Earth's Magnetosphere, as Visualized by NASA

In Fact, this was one of the mission parameters of the now famous Chandrayaan-2 Mission. Every time the moon orbits the earth, it spends about 6 days in this Geotail of the Magnetosphere. As the Chandrayaan-2 is orbitting the moon, it will also spend 6 days in this Geotail, giving the scientists an opportunity to place instruments and study the properties of the Magnetotail.

"The figure shows the change in intensity of particle events (believed to be mostly electrons), sometimes as much as 10 times the levels outside the geotail, indicating complex interplay with the magnetic field." - ISRO [9]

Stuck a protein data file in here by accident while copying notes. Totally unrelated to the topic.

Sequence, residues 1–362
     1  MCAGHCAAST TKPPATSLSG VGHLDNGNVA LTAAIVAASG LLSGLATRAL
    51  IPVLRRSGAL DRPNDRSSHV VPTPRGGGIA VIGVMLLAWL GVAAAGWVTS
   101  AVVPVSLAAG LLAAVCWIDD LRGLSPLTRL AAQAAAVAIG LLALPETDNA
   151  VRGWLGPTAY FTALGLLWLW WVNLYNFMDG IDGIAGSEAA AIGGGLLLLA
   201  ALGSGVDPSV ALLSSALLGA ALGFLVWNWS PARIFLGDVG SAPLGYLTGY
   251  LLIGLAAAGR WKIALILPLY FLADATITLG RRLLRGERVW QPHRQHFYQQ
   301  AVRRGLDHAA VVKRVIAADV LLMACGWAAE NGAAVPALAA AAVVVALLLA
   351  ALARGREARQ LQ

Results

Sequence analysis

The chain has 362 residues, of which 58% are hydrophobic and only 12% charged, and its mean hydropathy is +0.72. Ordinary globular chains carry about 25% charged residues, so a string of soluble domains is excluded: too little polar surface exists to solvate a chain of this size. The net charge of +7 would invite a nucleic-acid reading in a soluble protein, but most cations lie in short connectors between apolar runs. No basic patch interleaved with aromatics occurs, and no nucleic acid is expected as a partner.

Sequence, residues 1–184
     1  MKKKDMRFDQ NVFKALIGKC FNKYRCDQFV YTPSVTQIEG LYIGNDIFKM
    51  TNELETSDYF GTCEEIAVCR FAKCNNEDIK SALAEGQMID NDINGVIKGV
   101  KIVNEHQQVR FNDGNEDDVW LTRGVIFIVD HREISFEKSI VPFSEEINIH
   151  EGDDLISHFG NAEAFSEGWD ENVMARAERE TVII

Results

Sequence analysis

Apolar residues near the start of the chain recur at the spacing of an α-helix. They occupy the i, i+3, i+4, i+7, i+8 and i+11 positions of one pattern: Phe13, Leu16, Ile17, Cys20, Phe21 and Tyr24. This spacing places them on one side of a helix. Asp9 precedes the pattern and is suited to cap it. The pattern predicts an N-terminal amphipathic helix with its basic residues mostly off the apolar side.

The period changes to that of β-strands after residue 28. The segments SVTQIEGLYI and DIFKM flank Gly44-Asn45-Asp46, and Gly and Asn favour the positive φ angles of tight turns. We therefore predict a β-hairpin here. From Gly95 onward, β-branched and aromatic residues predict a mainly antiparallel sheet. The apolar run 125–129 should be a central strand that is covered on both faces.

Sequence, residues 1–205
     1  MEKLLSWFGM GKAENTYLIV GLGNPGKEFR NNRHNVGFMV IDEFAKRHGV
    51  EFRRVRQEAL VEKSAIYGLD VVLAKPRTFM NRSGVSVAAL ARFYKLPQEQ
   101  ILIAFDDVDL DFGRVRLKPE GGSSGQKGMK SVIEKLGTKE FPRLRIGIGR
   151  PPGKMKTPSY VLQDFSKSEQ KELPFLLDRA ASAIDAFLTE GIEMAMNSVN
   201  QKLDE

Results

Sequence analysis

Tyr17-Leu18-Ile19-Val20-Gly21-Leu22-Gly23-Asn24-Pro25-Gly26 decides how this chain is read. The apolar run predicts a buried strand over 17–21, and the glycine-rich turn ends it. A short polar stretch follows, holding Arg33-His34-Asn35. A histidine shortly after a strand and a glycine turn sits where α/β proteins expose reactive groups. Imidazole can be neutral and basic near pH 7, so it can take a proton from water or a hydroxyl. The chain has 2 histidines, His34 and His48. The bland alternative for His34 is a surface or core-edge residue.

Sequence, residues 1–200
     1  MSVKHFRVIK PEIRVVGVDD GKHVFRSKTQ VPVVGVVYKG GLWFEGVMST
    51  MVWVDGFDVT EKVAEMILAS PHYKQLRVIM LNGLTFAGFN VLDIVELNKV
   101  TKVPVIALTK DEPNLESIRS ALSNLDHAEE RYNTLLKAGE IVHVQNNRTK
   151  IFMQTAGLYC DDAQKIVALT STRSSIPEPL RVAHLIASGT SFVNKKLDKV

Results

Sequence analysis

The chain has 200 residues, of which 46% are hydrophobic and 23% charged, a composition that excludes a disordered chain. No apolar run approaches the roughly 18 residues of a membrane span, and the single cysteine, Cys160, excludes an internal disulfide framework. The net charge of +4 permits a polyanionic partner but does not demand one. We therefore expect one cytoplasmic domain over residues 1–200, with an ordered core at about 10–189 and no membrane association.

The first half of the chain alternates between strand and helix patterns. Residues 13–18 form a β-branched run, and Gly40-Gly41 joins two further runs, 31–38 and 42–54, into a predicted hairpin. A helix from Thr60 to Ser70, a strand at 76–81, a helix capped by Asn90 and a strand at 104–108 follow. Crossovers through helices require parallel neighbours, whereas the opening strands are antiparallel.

And Earth isn't the only planet in the solar system to have a magnetosphere with such a long tail. Jupiter has the largest magnetosphere of any body in the solar system. While most of the mechanics of Jupiter's Magnetosphere is similar to the Earth, there's an interesting Variable here in the form of the Volcanically active moon, Io, which leads to the formation of a Torus like structure in the magnetosphere.

"Io's interaction with Jupiter's magnetosphere. The Io plasma torus is in yellow." - Wikipedia [10]

If you thought it was just Comets that had a cool looking tail, think again. The night sky is filled with beautiful phenomenon, some which we can see, and many more that we can't.

The next time you look up into the sky for Mercury, keep an eye out for a long tail. If you're lucky, you just might spot it.